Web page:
Why are employees so unmotivated? At least one aspect is that manager feedback is often focused on fixing weaknesses rather than focusing on strengths. A culture where "feedback" means "criticism" doesn't work. In contrast, Gallup has found CliftonStrengths coaching that focuses on development leads to higher performance, productivity and higher customer metrics.

Employees need regular coaching conversations that apply CliftonStrengths to setting performance goals. For example, for your employees who lead with the Competition CliftonStrengths theme, maybe they need a "score to beat." Or, for your employees strong in the Learner theme, maybe they need to craft goals that are dependent on engaging with information or ideas they've never dealt with before.

By coaching employees to use their natural talents instead of focusing on their weaknesses, you will empower them to reach their potential in the long run.

6. Develop: Go deeper into an employee's CliftonStrengths 34 profile.


There may not always be a promotion or pay raise available for employees who want to advance in their career. But growing and developing is about much more than "moving up." True growth is about incrementally improving great performance, expanding your knowledge and influence, or understanding who you are at a deeper level.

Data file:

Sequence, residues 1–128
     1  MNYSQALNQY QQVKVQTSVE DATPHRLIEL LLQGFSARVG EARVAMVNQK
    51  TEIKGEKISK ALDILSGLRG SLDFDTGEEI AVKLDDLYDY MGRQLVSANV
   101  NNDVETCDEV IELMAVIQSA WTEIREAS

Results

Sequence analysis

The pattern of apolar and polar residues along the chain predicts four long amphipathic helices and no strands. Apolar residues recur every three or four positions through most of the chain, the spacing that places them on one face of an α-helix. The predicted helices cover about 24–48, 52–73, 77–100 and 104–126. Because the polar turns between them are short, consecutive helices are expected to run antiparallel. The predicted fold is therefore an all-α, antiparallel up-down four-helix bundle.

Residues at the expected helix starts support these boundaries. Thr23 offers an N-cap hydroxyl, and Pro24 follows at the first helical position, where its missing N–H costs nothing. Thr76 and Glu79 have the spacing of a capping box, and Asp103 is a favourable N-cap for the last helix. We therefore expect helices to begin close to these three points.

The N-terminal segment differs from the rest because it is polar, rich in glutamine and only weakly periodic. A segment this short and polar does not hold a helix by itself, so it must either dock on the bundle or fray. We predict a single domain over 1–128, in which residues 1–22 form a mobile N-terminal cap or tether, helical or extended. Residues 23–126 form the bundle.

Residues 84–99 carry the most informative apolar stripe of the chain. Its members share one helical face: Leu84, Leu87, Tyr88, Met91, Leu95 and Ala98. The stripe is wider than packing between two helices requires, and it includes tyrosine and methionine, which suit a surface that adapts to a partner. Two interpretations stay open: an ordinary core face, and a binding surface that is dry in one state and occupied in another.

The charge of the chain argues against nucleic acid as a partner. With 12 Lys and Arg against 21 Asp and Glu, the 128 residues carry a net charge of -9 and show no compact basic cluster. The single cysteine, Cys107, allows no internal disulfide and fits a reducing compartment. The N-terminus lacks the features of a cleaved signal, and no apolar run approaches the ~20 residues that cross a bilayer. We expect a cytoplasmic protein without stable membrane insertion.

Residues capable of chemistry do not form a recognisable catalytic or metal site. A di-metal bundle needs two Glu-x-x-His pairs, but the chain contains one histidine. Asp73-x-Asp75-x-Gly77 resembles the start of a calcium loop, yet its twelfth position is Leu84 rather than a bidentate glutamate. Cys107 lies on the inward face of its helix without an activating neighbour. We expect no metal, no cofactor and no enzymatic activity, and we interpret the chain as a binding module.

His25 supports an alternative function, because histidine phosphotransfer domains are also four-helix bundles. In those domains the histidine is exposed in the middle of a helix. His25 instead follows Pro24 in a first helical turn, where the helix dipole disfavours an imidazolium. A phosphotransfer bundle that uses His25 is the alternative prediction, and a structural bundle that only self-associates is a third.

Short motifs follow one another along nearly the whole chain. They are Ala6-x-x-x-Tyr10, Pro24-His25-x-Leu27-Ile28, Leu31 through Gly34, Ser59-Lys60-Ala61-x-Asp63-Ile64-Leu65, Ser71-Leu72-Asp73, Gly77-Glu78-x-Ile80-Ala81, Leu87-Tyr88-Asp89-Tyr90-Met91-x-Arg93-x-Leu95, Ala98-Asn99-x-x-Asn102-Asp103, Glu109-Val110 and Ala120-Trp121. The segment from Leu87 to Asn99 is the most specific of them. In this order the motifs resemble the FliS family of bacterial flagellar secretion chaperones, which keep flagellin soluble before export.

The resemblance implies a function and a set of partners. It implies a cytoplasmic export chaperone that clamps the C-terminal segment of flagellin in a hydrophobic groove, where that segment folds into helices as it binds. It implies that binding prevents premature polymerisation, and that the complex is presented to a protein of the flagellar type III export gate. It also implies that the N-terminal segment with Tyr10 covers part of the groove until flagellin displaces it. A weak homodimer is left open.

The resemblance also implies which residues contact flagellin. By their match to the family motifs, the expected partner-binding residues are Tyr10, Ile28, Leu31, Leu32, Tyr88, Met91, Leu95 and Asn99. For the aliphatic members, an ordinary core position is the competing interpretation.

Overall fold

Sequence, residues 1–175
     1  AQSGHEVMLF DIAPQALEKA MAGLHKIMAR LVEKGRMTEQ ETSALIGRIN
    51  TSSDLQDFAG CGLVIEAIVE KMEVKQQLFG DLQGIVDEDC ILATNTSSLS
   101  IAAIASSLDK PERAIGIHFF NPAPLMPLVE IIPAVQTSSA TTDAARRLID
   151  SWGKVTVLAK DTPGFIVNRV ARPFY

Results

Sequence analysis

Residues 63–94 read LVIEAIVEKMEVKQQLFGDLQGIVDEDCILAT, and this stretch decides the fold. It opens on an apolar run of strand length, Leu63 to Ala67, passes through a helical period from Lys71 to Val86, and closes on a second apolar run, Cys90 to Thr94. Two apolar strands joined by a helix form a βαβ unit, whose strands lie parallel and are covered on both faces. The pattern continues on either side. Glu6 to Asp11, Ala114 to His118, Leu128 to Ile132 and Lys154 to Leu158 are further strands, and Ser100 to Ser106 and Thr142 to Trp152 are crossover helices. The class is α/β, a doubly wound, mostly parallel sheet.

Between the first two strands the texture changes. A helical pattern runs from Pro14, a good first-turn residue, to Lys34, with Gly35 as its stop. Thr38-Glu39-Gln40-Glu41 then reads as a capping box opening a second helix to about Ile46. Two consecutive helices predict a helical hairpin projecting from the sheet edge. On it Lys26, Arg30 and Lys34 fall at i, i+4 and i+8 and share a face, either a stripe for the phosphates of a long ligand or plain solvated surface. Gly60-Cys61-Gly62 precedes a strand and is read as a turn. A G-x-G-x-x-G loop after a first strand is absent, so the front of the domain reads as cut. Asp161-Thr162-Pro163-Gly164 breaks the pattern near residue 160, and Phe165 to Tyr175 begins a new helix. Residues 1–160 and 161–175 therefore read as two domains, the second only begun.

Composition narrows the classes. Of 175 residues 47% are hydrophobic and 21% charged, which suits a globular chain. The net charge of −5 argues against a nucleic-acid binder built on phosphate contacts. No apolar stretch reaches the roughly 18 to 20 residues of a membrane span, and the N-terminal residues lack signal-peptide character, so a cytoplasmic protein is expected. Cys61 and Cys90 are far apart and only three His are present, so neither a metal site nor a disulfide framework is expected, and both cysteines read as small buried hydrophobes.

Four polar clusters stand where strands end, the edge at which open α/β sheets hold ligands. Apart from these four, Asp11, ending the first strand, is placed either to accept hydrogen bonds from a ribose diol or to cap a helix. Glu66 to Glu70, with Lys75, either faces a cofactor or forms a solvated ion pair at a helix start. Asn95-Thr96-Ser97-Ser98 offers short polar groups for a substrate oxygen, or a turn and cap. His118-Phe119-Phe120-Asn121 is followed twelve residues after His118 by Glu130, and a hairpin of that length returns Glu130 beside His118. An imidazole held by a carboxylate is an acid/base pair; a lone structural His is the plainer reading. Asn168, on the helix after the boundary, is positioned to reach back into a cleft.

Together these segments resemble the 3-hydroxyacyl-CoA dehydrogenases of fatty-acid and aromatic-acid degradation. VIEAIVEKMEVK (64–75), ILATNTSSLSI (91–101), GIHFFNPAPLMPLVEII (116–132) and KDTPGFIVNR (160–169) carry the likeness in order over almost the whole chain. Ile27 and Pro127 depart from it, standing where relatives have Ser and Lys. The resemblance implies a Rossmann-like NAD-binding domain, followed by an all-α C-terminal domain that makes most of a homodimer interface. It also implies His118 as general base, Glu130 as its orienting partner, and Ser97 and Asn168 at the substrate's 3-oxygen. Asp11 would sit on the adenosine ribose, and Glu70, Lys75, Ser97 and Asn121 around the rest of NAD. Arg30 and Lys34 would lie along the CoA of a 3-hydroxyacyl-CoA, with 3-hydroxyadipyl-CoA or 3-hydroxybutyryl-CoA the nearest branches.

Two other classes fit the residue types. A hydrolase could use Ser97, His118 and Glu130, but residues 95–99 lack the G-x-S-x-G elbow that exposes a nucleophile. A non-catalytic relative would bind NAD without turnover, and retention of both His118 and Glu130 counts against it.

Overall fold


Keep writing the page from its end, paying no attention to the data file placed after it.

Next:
Managers can help their employees develop by looking beyond their top CliftonStrengths and learning how to navigate all 34 of their CliftonStrengths themes.

A person's best performance -- both as an individual and within the team setting -- depends on using their strongest CliftonStrengths to succeed, regardless of where a particular theme falls within their rank order of CliftonStrengths 34 results.

7. Depart: Strengths-based development helps with retention and gives people something valuable for a lifetime.

A strong retention strategy is your best defense in a competitive job market. Retaining your best employees can help your organization save time and money and protect against unwanted changes to culture. A strengths-based approach has been proven to help teams experience up to 72% lower turnover.

But think a bit bigger at this stage of the life cycle. Even some of your best employees will leave, for whatever reason. You can create genuine ambassadors for your employment brand when you provide employees with the chance to discover and develop their CliftonStrengths.

This investment in your people's talents pays dividends while they work within your proverbial walls. But if (or when) they leave, you've given them the lasting benefit of taking a strengths-based mindset onward to apply in any aspect of their life. Whether they specifically voice this as they move on or not, employees can at least subconsciously connect their time with your organization with their discovery of what they do best.

Learn more about CliftonStrengths and the employee experience, and how we can help you with your strategy:


Ryan Pendell is a Senior Workplace Science Editor at Gallup.

Bryant Ott is a Writer and Content Strategist at Gallup.